C is the most powerful programming language for its powerful built-in operators and functions. The purpose of using operators in program is manipulating variables. Without manipulating what can we do to build up program or big project ! Again without calculation we can’t solve the complex problem and to calculate we know what is the necessary of operators.

At least one operator we can make expression in C program. The variable works with operator to make an expression is called operand.

Example: `x + y = 10;`

Here has three two operators: `+ , =` and two operands: `x` and `y`.

There are many operators like this in C. Those can be classified as below:
• Arithmetic Operators
• Assignment Operators
• Relational Operators
• Logical Operators
• Increment and Decrement Operators
• Bitwise Operators
We have already used `‘+’, ‘-’`

### Arithmetic Operators in C

The arithmetic operators in C are` +, -, /, * and %`.

Operator Name Operator Sign Refers to Example
Plus + Add A + B
Minus - Subtract A - B
Division / Divide A / B
Multiplication * Multiply A * B
Modulus * % Remain of division A % B
Remember: The data type of operands must be same, otherwise operation will return error in result. Example, if we want to add two variables value1, value2 and value1 be integer type, then value2 must be integer type. This operation will return the result in integer type also.

If you want to operate in different data type in C, you can use casting. Casting in C is very easy. Just put required data type in braces before variable.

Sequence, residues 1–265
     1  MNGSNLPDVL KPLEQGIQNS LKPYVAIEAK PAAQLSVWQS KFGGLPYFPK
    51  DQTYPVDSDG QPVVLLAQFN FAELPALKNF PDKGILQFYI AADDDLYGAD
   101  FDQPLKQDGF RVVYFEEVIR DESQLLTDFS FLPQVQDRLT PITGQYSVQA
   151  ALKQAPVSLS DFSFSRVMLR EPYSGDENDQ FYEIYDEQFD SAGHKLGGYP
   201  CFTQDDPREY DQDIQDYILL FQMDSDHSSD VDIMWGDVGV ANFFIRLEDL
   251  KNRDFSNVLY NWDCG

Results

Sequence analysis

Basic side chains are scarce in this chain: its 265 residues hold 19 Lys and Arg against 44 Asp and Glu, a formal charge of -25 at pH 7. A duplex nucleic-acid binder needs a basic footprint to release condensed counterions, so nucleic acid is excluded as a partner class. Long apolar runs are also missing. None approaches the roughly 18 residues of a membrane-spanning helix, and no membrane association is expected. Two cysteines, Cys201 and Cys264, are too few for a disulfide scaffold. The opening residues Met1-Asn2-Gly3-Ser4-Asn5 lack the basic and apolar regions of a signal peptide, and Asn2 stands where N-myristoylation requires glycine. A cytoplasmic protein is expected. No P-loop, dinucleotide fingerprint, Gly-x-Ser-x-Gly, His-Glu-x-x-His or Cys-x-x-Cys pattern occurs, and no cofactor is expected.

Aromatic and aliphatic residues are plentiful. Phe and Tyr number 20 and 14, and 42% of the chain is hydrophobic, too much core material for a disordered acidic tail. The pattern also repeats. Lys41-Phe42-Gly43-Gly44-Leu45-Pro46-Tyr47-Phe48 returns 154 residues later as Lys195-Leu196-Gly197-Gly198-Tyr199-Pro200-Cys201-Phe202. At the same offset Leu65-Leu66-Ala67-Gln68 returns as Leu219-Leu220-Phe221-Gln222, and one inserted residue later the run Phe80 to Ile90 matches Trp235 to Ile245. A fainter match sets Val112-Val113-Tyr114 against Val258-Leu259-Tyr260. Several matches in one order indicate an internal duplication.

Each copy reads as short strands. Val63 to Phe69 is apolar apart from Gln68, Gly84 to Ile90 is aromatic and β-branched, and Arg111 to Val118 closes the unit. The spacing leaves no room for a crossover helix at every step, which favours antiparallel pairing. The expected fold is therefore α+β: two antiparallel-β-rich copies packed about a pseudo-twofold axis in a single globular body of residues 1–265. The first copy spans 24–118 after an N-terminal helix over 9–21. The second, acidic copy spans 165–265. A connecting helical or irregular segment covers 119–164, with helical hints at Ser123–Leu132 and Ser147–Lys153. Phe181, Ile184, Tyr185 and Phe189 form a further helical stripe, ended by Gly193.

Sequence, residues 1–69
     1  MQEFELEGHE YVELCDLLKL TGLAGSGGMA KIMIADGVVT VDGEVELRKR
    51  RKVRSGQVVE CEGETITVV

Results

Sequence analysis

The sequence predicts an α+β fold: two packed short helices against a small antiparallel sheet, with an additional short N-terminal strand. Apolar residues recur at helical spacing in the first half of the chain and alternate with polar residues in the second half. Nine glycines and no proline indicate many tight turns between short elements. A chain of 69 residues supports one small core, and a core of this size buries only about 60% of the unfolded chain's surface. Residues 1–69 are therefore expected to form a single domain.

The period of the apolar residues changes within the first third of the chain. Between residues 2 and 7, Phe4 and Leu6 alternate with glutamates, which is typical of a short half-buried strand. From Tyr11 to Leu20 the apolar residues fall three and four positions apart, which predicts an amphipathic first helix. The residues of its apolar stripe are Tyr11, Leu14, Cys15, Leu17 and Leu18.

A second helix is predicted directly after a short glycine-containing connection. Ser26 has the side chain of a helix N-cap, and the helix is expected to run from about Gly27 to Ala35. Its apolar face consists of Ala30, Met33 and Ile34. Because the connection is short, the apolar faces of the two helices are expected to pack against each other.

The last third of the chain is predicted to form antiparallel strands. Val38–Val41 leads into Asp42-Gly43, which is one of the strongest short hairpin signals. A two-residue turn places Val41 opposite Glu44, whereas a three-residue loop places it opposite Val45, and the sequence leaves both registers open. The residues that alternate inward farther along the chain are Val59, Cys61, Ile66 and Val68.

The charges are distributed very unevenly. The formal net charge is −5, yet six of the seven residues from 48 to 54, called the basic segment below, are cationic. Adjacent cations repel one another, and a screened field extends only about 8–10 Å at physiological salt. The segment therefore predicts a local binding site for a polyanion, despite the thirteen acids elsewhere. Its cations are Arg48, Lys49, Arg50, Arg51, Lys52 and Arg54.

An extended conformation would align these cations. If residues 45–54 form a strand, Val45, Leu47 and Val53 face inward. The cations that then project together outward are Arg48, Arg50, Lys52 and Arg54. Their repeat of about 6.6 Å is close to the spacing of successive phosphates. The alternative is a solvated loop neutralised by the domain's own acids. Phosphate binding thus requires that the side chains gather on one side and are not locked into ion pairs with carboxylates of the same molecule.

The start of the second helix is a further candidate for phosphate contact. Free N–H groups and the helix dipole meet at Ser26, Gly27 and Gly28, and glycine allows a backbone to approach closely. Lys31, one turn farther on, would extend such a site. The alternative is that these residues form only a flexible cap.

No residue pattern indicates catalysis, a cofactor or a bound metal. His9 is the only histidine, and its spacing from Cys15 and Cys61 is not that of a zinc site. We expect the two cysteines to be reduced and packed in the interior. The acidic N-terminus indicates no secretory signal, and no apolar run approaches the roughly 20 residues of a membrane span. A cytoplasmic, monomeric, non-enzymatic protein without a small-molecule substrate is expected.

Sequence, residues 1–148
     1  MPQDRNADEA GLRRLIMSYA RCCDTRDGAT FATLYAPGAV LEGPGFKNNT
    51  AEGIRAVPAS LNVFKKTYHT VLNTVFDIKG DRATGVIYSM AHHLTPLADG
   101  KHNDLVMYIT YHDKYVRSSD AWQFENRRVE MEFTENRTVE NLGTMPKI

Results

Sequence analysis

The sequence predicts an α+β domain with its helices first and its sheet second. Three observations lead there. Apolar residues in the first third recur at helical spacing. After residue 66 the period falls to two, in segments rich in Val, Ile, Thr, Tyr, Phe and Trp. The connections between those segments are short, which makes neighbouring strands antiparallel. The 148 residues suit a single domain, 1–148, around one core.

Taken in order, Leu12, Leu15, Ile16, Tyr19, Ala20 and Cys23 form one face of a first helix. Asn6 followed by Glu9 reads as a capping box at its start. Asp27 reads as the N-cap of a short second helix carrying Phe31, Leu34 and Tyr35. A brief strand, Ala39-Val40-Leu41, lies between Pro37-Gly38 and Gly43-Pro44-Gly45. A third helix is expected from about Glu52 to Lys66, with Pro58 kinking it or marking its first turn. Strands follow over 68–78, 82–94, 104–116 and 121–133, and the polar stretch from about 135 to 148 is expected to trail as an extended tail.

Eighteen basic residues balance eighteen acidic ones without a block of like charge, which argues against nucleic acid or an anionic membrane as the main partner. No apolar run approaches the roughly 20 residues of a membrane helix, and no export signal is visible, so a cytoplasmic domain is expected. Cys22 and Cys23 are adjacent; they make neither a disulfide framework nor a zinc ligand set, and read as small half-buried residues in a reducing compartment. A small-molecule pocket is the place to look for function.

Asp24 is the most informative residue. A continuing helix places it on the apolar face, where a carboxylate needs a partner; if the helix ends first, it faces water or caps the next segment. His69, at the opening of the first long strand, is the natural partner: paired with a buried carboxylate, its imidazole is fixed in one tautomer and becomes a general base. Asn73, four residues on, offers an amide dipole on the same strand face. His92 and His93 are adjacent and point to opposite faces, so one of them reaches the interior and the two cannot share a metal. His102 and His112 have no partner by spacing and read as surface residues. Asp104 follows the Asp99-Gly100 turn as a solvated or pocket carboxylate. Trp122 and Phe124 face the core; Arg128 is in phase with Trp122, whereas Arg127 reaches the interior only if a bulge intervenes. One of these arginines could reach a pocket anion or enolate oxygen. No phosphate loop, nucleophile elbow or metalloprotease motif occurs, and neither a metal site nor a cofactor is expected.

Example: The given two variables are `int var1` and `float var2`. We want to divide `var2` by `var1`. So we have to convert the data type of `var1` into `float`. Then our program will be
``````#include <stdio.h>
int main()
{
int var1;
float var2, var3;

var1 =3 , var2 = 22.5;
var3 = var2 / (int)var1;

printf("%f\n", var3);
return 0;
}``````
***Modulus operator is an exclusive arithmetic operator in C. The operation by this operator return the remainder of two variables.

Example:
``````#include <stdio.h>
int main()
{
int a, b, c;
a = 20, b = 3;

c = a % b;
printf("%d\n",c);
return 0;
}``````

### Assignment Operators in C

Assignment operators refer to assign the value of operation to a declared variable.

We use this type operators in Linear equation.
Example: `x = 1+ y`

Here `=` is the assignment operator. The value of addition of `1 `and `y` will assign to `x` by using an assignment (=) operator.